Capitol Owes Royalties On Digital Content, 9th Circ. Told

Former Missing Persons singer Dale Bozzio urged the Ninth Circuit Wednesday to revive her proposed class action claiming Capitol Records LLC failed to properly compensate musicians for digital content licenses, arguing that she is a third-party beneficiary to the contract between Capitol and the band.

A California federal judge wrongly dismissed Bozzio’s suit after determining that she had no binding claim on the royalties she sought, her attorney Cadio Zirpoli of Saveri & Saveri Inc argued. Bozzio adequately pled her status as a third-party beneficiary to the contract between EMI Group Ltd. subsidiary Capitol and Missing Persons Inc., the corporate entity representing the band, he argued.

“The court should look at the contract and interpret it in a light most favorable to the nonmoving party, which was my client,” Zirpoli said.

Bozzio claims that she attempted to obtain copies of the relevant royalty statements from Capitol, and it refused, saying the statements could only be provided to Missing Persons Inc. But the corporate entity was suspended in 1988; Capitol could revive the corporation, but has refused to do so, Zirpoli said.

He argued that as Missing Persons’ former frontwoman, and as past president of Missing Persons Inc., “she’s an intended third-party beneficiary; she has a separate right of action.”

Capitol’s attorney, Michelle Goodman of Sidley Austin LLP, said it’s not a foregone conclusion that Bozzio has a separate right of action under Missing Persons Inc.’s contract with the record company. “It’s a conclusory allegation — the court doesn’t need to accept those allegations,” she said.

Capitol originally had a contract with the individual members of Missing Persons, but later crafted a second agreement with the corporate entity, partly to make royalty payouts easier, Goodman said. If anything, Bozzio is only an incidental third party to the contract who has no right to sue, she said.

“Being a member of a corporation doesn’t make you a beneficiary to contracts with the corporation,” she said.

Circuit Judge Sandra Segal Ikuta pressed Goodman on those arguments, asking for case law that would prove Goodman’s point.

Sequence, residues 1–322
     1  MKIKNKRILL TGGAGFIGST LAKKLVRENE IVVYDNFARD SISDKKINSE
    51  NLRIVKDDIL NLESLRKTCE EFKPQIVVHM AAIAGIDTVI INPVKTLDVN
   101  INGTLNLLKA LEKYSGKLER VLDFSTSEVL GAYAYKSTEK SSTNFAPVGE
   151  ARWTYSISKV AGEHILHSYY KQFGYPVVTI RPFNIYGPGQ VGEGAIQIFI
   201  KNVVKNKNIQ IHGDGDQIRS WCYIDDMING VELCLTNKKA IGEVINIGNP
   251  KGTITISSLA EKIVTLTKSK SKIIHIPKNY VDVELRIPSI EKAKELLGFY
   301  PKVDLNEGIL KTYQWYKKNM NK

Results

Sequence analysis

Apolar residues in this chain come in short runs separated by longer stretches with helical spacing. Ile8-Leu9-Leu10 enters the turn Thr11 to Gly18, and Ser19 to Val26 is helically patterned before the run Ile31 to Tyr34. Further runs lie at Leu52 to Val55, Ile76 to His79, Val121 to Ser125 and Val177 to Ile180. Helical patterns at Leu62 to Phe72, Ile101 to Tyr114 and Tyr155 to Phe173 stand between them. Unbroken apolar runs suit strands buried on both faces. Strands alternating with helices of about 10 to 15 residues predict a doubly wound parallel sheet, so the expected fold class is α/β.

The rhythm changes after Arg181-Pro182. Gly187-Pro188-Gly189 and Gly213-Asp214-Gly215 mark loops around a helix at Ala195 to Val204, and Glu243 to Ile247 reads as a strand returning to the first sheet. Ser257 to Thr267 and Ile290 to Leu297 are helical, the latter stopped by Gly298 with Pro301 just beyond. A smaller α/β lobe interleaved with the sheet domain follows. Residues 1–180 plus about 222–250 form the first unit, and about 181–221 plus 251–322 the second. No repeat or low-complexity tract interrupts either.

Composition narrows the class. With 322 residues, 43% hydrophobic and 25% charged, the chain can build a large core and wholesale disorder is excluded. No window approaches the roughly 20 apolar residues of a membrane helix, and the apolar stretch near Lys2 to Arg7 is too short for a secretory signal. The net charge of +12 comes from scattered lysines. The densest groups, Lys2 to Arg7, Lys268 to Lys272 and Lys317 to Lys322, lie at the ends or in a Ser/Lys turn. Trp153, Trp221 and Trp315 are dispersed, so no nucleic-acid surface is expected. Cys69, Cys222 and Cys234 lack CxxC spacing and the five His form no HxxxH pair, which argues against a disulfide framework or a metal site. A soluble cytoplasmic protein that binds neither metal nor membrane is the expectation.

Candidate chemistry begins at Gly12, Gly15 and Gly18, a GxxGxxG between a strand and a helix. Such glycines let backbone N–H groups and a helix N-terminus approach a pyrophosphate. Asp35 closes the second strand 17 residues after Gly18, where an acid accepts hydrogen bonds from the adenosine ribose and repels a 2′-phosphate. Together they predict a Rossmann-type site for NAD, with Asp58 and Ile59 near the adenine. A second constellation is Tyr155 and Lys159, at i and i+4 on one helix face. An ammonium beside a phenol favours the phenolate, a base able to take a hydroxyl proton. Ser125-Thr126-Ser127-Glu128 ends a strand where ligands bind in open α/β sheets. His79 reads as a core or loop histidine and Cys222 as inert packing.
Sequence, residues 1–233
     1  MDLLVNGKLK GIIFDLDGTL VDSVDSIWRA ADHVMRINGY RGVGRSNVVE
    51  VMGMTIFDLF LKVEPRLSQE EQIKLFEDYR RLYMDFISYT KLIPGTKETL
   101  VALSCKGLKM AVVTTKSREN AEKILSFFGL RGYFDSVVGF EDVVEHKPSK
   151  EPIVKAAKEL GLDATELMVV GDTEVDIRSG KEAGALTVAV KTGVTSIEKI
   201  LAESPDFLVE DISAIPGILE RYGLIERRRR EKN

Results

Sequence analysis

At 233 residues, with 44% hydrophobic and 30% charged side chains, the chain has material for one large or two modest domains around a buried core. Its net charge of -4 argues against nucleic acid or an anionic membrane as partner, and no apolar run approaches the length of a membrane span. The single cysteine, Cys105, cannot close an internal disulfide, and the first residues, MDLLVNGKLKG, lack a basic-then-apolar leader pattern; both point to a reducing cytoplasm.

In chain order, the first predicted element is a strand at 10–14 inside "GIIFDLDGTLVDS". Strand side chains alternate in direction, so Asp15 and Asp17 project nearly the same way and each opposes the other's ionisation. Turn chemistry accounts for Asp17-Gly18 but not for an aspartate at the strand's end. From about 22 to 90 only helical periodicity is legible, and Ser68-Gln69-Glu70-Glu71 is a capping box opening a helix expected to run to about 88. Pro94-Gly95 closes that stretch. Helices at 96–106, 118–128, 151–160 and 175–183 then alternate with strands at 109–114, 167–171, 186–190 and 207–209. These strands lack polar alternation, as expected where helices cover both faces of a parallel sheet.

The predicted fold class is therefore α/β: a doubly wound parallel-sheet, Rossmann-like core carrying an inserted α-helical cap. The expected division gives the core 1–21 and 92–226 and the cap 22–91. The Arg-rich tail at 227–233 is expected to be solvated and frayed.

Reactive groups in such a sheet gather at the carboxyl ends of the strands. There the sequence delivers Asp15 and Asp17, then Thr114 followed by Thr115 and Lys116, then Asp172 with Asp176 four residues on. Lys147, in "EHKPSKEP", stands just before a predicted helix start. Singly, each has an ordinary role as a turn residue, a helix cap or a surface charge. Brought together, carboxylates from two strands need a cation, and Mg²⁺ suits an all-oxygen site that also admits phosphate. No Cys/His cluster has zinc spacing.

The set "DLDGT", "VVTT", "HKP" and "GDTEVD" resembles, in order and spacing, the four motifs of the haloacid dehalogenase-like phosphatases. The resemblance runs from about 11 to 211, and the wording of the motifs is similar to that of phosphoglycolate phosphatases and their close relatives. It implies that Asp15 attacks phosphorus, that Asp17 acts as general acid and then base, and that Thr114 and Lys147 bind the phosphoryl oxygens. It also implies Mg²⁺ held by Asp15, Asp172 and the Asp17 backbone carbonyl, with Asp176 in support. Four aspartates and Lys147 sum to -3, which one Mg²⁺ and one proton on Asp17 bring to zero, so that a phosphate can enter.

“Lots of cases say that a third party can sue,” Judge Ikuta said.

Goodman also argued that Bozzio should have asked Missing Persons Inc. for the royalty statements she sought, not Capitol, because that’s where Capitol has been sending them. When Judge Ikuta asked where those statements were going, given that the corporation had been suspended, Goodman said they were being sent to the address included in the contract.

Providing them directly to Bozzio could have opened the door for her to claim that Capitol had waived arguments regarding the corporation’s rights, Goodman argued.

Bozzio, who co-founded Missing Persons in 1980, filed suit in 2012, claiming that that EMI and several subsidiaries failed to properly pay their recording artists and music producers for income they received from licensing artists’ recorded music catalogs for sales of digital downloads, ringtones and streaming music.

Capitol argued that the case should be dismissed because Bozzio wasn’t a party to the record company’s contract with Missing Persons Inc. After that motion was filed, Bozzio amended her complaint, which Capitol again moved to dismiss. U.S. District Court Judge Yvonne Gonzalez Rogers dismissed the suit with in March of 2013, court records show.

Circuit Judges Morgan Christen, Sandra Segal Ikuta and Mary M. Schroeder sat on the panel for the Ninth Circuit.

The plaintiffs are represented by Robert J. Bonsignore of Bonsignore & Brewer, Joseph W. Cotchett, Steven N. Williams and Aron Kang-Hawa Liang of Cotchett Pitre & McCarthy LLP, and Carl Nils Hammarskjold, Travis Luke Manfredi, Guido Saveri, R. Alexander Saveri and Cadio Zirpoli of Saveri & Saveri Inc.

Capitol is represented by Sean Ashley Commons, Rollin Ransom and Michelle Beth Goodman of Sidley Austin LLP.

The case is Dale Bozzio v. EMI Group Ltd. et al., case number 13-15685, in the U.S. Court of Appeals for the Ninth Circuit.

–Additional reporting by Matt Fair. Editing by Mark Lebetkin.For a reprint of this article, please contact [email protected].

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